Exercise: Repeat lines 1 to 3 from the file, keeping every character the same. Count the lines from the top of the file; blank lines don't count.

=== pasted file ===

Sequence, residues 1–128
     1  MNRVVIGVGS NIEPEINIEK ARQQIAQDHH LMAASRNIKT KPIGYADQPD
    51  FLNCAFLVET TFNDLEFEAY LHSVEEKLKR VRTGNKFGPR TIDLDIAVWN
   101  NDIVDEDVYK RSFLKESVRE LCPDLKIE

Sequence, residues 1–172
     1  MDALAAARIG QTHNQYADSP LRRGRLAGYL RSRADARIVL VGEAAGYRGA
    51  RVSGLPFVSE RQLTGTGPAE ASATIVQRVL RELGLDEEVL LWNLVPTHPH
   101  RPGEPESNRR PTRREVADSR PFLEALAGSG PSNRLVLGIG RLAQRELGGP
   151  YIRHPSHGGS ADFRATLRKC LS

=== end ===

Sequence, residues 1–128
     1  MNRVVIGVGS NIEPEINIEK ARQQIAQDHH LMAASRNIKT KPIGYADQPD
    51  FLNCAFLVET TFNDLEFEAY LHSVEEKLKR VRTGNKFGPR TIDLDIAVWN